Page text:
Tuesday, October 28, 2008

Practicing For A Reading

I have a reading at In The Flesh LA this Thursday at Hustler Hollywood, so if you're in town, please stop by.

Readings don't just happen. I mean, you usually have to hustle your butt off to get one, but sometimes they fall in your lap, like this one did. But that doesn't mean you just show up, crack open your book, and start reading. Oh no. This is a performance.

Even if you're reading from a specific story or novel, choose your passage wisely. With novels, the first chapter is a good idea, but you won't have time to read it all unless it's a very short opening chapter. The same is true of short stories. The story I'm reading Thursday was only 3500 words, but there was no way I can read the entire thing in fifteen minutes.

Or can I?

First thing I do to prepare for a reading is to read through the entire story to check how long it runs. My reading rate aloud is about 150 words a minute. Given 15 minutes, that's almost 2500 words. My choices are to leave the audience hanging somewhere mid-story or to cheat edit it down to bare bones. I chose to edit because I wanted to read the final page of the story to the audience. The theme Thursday is Fear, and the end is where the audience will make the connection to that.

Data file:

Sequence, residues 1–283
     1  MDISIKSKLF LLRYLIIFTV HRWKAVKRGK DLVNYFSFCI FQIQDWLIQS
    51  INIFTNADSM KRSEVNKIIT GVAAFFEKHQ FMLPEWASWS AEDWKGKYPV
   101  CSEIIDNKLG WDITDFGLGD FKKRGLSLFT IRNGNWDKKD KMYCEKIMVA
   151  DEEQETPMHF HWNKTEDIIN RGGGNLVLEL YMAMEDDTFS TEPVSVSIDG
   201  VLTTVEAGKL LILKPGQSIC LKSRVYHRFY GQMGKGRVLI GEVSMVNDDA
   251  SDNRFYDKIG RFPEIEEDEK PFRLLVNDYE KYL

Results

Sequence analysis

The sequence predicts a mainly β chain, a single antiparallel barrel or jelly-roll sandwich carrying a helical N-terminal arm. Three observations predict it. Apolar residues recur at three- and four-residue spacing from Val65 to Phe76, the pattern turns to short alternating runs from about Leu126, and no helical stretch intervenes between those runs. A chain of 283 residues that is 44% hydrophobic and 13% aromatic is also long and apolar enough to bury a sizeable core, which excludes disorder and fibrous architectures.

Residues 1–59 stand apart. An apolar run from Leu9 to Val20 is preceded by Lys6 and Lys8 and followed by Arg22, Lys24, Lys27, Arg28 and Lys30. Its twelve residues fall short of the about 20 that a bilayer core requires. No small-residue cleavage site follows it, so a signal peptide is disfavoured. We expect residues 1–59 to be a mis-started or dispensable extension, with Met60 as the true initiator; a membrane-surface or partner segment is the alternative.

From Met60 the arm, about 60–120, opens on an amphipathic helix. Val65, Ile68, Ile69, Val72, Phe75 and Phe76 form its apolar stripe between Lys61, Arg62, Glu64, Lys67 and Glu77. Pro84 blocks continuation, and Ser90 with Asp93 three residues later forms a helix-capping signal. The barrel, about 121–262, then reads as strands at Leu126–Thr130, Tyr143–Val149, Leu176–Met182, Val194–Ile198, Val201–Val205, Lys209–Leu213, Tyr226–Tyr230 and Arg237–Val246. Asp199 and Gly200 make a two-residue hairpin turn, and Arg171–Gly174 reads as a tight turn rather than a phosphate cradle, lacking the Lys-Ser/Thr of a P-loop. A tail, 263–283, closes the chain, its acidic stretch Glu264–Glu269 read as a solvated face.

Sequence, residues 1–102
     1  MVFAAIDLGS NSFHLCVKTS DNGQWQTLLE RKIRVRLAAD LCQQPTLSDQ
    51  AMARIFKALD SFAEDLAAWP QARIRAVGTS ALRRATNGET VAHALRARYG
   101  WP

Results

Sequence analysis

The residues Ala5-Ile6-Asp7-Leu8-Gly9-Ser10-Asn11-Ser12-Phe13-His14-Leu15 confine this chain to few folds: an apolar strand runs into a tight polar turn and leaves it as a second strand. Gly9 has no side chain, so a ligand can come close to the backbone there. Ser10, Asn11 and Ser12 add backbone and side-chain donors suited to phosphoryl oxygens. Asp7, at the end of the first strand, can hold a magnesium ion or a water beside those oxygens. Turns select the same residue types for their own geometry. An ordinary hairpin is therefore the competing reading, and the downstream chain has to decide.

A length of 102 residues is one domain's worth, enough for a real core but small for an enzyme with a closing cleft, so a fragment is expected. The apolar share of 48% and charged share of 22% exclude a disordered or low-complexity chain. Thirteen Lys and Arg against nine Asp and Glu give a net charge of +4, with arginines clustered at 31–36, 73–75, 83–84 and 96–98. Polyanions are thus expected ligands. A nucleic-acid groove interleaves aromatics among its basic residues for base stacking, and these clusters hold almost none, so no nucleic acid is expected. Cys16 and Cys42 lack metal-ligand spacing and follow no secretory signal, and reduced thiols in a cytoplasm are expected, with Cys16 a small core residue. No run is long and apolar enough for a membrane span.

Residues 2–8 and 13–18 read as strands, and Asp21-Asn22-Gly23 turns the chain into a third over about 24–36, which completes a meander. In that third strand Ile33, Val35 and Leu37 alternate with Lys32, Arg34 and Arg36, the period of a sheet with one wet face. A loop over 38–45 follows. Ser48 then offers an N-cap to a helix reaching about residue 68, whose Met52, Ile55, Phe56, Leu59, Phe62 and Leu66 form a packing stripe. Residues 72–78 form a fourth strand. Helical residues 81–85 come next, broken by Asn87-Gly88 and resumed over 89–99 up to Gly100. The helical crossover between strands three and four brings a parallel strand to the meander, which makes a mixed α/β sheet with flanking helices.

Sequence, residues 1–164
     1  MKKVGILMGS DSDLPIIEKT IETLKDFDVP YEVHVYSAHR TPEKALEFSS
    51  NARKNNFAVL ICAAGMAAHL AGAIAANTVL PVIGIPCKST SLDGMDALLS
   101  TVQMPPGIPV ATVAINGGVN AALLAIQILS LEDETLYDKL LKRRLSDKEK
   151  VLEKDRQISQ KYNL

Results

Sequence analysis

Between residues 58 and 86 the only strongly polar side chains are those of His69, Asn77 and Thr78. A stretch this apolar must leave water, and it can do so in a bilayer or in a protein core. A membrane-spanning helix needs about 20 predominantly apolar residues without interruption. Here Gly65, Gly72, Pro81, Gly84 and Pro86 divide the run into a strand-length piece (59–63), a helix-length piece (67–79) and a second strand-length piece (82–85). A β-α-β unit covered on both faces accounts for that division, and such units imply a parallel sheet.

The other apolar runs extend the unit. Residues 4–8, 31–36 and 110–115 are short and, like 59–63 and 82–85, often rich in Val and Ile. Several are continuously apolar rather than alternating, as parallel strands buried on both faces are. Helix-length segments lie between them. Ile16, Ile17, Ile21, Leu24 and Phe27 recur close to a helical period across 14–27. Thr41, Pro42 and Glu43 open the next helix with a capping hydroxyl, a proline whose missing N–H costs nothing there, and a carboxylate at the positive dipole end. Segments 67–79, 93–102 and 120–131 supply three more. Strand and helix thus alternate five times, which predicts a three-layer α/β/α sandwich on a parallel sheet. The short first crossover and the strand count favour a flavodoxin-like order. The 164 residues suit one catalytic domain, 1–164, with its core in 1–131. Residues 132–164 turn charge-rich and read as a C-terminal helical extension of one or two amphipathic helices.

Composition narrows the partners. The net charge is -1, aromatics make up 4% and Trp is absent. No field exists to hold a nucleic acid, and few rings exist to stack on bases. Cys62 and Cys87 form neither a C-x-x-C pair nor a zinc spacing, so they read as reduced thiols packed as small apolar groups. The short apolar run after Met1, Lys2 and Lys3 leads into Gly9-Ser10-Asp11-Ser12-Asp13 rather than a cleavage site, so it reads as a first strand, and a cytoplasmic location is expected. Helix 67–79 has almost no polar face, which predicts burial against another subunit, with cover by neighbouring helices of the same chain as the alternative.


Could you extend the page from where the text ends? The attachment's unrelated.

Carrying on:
After four tries, I pared the story down to 2300 words without sacrificing much. Read aloud, that's 13 minutes. The extra time gives me space for a short intro to the piece (Really short. Like one sentence. Amie Evans and Toni Amato would be proud that I learned so much from their reading seminar at Saints and Sinners) and time to pause for audience reaction. I learned that at the first reading I did. People laughed for a long time at passages that I thought were only a little funny. Maybe it's my delivery.

So now after reading through it four times, my voice is ready to give out, but I know I can do it in the allotted time. Tomorrow I'll practice it twice and then I won't read it again until I'm in front of the crowd. The last thing I'll do is print it out in bold, large font with a few stage directions. (Again, it's a performance. Nothing too dramatic, but movement is important. That deer in the headlights look is no good in front of a crowd.) Now if I could only figure out how to stop from blushing madly, I'd be set.

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